Addressing Neuroplastic Changes in Distributed Areas of the Nervous System Associated With Chronic Musculoskeletal Disorders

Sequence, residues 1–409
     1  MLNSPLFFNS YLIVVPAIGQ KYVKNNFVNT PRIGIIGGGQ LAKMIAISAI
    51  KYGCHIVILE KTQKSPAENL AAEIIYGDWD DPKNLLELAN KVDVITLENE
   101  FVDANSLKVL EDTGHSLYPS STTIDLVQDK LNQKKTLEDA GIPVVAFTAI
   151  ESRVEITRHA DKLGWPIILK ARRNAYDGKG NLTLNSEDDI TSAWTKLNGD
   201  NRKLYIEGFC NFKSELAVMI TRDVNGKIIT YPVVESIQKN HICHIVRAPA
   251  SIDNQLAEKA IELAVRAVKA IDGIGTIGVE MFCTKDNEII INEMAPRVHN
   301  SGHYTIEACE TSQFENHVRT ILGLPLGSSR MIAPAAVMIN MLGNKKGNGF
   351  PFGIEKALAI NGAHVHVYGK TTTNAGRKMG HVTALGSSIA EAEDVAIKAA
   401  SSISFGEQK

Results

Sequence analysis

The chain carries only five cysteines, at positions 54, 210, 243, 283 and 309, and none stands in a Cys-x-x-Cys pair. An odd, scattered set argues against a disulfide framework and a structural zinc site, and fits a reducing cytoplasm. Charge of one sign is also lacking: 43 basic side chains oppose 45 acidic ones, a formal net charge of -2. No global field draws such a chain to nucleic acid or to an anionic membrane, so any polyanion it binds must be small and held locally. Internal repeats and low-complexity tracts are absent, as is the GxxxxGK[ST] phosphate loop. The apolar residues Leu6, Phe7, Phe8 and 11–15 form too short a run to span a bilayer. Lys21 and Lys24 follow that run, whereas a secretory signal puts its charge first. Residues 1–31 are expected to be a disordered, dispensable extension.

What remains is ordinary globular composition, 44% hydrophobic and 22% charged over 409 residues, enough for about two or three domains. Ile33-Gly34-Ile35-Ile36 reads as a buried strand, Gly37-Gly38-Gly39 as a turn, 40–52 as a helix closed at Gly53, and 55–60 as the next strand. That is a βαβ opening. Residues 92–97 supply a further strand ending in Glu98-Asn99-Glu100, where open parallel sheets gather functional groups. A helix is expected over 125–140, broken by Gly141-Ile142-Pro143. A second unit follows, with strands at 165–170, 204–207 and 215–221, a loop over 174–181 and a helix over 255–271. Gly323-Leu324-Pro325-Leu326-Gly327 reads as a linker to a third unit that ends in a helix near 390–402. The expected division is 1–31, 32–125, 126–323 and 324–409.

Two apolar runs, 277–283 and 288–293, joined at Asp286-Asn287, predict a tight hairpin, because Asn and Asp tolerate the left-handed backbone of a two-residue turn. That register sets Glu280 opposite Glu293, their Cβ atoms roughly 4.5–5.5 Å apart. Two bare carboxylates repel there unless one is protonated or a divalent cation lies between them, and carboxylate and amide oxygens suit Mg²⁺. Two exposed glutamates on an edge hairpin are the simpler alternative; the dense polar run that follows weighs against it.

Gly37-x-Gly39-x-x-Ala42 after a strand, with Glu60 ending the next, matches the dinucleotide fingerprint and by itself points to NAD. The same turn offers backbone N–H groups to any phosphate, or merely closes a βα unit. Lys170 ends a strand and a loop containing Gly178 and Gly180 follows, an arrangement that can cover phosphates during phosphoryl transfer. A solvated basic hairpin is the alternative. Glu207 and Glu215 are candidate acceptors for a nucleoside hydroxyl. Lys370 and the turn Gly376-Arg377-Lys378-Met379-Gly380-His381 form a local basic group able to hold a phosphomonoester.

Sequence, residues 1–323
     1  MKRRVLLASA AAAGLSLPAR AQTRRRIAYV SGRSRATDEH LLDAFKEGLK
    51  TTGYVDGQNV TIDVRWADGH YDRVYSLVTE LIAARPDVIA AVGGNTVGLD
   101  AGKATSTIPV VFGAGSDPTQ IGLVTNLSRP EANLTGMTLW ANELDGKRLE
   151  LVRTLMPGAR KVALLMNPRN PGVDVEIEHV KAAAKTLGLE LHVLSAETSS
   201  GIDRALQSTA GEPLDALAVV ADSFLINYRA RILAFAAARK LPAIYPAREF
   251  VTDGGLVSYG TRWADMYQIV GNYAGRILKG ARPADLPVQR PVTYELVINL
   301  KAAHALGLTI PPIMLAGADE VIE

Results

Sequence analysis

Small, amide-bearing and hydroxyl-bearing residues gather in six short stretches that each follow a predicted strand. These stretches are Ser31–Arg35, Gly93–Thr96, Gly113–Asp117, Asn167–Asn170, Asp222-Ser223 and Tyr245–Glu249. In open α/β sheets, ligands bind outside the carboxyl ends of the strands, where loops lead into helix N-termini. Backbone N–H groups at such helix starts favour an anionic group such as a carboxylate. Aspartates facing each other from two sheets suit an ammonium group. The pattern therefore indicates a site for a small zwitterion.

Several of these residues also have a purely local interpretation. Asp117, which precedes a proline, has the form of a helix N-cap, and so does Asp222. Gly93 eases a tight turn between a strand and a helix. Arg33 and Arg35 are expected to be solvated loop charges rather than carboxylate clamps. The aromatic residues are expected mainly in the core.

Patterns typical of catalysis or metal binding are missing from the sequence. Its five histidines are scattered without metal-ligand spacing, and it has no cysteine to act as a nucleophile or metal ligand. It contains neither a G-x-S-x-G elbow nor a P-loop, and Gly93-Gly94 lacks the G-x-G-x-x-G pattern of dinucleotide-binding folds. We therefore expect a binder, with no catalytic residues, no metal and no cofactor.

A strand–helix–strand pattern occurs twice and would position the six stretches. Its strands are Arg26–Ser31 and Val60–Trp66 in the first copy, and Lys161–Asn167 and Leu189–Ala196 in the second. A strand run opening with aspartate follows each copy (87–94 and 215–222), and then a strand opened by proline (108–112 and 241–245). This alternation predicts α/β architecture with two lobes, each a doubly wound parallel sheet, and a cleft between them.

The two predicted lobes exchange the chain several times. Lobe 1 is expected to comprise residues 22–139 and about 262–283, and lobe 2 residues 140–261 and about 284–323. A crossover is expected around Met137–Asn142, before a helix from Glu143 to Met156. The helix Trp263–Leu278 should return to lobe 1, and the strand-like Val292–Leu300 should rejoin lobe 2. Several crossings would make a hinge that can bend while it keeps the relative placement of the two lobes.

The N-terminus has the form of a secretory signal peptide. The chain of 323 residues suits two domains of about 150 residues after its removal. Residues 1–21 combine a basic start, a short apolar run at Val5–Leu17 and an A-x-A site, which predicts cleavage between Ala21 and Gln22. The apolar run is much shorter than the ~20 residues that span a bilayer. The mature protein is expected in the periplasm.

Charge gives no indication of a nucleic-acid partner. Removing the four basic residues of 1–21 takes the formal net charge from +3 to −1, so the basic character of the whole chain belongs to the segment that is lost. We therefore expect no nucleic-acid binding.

Current interventions used in musculoskeletal rehabilitation are in largely directed by a biomedical model where peripheral structural injury is thought to be the sole driver of the disorder. There are however neurophysiological changes across different areas of the peripheral and central nervous system including peripheral receptors, dorsal horn of the spinal cord, brain stem, sensorimotor cortical areas and in the meso-limbic and prefrontal areas associated with chronic musculoskeletal disorders including chronic low back pain, osteoarthritis, and tendon injuries. These neurophysiological changes appear to be not only a result of peripheral structural injury but play a role in the pathophysiology of chronic musculoskeletal disorders. Neurophysiological changes are consistent with a bio-psycho-social formulation reflecting the underlying mechanisms related to sensory and motor findings, psychological traits, and perceptual changes associated with chronic musculoskeletal conditions. These changes therefore have significant implications in the clinical manifestation, pathophysiology and for rehabilitative treatment of chronic musculoskeletal disorders. Musculoskeletal rehabilitation professionals have at their disposal tools to address these neuroplastic changes including top down cognitive based interventions (such as education, cognitive behavioral therapy, mindfulness meditation and motor imagery), and bottom up physical interventions (such as motor learning, peripheral sensory stimulation, and manual therapy) that induce neuroplastic changes across distributed areas of the nervous system and impact outcomes in patients with chronic musculoskeletal disorders. Furthermore, novel approaches like the use of transcranial direct current stimulation and repetitive transcranial magnetic stimulation may also be used to assist in renormalizing neurological function. Comprehensive treatment addressing peripheral structural injury as well as neurophysiological changes occurring across distributed areas of the nervous system may aid in improving outcomes in patients with chronic musculoskeletal disorders.